Tonight, while driving home from a St. Patrick’s Day party, I started flipping radio stations. One station, which is definitely aimed at people at least ten years younger than me, was playing dance music put together by a DJ.
There are lots of kinds of dance music, so let me clarify. This was pop music and rock music, but with a very synthetic beat underneath it, and the music was often mixed with another song or faded into another song while keeping the same beat. (Here’s one of my favorite mash-up examples: http://www.youtube.com/watch?v=MZBuYbKgvQI)
I’ve heard this particular program and DJ before. I’ve never managed to listen for more than 10 minutes.
The problem is that this DJ only understands two things: one, what songs are already popular, and two, how to set them to the same speed and sync up their downbeats.
What he does NOT understand is that simply having the same speed and downbeat doesn’t necessarily mean the two songs should be mixed or faded. And I’m not just talking about the lyrics (although I maintain that a song about Columbine really should not lead into “Shot through the heart and you’re to blame” unless you’re aiming for gallows humor, and I’m not sure this DJ has the intelligence for that). I’m talking about simple things like what key the song is in.
If the first song is in the key of C and the second song is in the key of F#, it’s not going to sound good to go from one to the other.
You might be able to get away with it if all you’re doing is fading from one to the other… but mixing them together provides all sorts of awful dissonance. And yes, I know, most of the people who are listening to this are only listeningforthe beat as they plan on dancing up a storm and probably drinking a ton, too… but there are easily accessed programs out there that will actually adjust the pitch of a song as well. It’s not hard to do. It’s nothing but the cheapest laziness.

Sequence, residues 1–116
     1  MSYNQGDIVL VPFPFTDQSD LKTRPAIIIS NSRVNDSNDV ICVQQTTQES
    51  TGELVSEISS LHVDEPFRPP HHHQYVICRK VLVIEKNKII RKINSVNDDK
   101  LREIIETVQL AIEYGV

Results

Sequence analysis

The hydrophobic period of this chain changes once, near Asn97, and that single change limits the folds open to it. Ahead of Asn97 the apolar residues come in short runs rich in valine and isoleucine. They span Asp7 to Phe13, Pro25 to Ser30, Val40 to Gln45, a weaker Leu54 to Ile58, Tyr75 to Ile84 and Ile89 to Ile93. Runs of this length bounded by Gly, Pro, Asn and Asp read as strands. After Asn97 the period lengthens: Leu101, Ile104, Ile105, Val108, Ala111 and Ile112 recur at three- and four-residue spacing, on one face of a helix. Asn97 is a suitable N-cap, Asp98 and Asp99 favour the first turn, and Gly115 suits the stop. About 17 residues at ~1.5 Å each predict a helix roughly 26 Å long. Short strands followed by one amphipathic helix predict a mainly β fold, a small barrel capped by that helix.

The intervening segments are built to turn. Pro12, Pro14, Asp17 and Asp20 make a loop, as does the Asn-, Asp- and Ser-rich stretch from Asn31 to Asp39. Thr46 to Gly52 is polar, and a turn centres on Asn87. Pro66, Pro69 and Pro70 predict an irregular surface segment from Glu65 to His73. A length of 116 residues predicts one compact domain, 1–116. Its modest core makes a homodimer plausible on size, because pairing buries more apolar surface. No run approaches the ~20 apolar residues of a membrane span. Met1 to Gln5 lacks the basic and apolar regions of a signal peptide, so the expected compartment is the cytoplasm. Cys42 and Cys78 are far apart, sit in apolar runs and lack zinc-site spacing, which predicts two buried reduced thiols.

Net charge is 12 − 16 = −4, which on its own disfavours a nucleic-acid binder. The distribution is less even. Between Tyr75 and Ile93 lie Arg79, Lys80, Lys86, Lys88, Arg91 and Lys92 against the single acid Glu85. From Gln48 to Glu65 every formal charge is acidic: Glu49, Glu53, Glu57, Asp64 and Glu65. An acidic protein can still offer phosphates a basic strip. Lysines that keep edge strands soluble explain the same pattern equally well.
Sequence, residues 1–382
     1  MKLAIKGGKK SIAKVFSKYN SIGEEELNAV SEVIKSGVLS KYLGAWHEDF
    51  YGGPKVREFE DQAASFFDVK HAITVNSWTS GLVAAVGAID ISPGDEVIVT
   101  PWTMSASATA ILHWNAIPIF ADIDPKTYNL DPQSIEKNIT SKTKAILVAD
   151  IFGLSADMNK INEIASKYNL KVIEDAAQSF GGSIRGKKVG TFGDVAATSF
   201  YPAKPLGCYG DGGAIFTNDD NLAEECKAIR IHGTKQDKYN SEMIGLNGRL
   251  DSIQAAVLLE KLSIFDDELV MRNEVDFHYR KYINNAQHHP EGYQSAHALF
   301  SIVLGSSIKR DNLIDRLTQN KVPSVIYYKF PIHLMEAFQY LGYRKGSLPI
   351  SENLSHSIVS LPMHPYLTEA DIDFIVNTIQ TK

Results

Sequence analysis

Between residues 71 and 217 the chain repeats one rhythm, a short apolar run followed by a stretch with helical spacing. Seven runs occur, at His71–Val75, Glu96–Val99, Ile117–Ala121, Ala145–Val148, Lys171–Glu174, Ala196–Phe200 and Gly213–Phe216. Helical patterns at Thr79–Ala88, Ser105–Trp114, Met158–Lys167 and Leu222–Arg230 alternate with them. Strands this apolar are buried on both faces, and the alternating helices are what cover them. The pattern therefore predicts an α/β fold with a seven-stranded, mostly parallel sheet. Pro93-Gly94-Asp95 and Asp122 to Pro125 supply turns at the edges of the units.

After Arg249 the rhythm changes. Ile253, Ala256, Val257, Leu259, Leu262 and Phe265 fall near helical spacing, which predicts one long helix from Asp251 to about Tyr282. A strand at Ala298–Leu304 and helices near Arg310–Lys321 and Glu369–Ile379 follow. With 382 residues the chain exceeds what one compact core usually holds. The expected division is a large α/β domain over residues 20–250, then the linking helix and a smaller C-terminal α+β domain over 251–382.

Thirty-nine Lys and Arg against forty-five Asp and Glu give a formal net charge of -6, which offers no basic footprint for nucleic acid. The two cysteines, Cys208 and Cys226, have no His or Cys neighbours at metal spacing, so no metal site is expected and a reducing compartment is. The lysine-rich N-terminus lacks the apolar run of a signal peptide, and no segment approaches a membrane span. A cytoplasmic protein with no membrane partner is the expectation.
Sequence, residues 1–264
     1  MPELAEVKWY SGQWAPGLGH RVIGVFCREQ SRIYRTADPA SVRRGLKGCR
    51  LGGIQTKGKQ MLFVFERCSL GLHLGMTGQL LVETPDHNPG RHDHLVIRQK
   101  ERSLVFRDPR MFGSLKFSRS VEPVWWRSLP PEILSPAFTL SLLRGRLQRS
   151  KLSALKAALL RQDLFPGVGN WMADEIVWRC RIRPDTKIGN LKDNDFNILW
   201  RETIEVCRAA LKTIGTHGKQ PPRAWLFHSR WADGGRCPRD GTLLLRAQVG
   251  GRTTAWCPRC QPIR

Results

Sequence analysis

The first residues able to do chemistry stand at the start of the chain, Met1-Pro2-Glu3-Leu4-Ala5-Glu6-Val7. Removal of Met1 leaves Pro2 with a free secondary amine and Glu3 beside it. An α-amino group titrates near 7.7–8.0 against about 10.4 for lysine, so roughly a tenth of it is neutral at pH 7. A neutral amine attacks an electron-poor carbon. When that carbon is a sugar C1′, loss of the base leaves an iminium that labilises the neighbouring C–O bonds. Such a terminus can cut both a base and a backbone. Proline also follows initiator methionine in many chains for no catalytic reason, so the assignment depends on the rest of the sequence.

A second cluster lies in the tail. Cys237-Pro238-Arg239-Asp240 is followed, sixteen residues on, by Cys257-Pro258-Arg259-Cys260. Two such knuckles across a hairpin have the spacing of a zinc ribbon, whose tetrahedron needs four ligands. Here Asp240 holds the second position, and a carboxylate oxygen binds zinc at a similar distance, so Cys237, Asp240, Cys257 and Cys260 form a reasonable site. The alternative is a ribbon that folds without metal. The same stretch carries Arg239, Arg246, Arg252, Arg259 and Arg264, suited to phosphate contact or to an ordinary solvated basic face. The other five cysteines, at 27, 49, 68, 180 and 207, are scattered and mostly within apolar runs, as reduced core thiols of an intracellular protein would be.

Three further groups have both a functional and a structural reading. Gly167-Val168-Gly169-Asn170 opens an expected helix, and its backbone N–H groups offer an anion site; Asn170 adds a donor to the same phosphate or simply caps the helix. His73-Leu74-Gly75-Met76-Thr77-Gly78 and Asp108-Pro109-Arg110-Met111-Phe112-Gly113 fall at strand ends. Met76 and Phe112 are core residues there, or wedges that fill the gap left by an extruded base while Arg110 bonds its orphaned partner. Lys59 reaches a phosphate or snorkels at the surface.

And that makes me angry. This guy clearly makes money doing this. Maybe not much, but some. And he’s barely, barely even trying.
I feel the same way when watching many commercials, or reading many best-selling books. Why do we reward poor work?
And then I start thinking about every job I’ve ever had. There have clearly been incompetent people in every workplace I’ve been in. We reward poor work there, too, as many of these people become virtually institutionalized and never get fired.
(I assume that somewhere out there is a remarkably incompetent brain surgeon. He may be smarter than 95% of people out there, but just really suck as a neurosurgeon.)
I love the idea of a meritocracy, other than the fact that I think there are lots of us who would be good at things given the right equipment or opportunity or support. Heck, maybe even the DJ that I listened to today just hasn’t had the opportunity to put together the songlist that he would prefer — maybe his producers tell him what songs to play, and maybe even in what order.
(I doubt it.)
But when I hear things like his program, I’m just reminded that our culture treats most skills as fungible. In a nation that prides itself on individuality, we sure do like to turn everything into cheap knock-offs of everything else.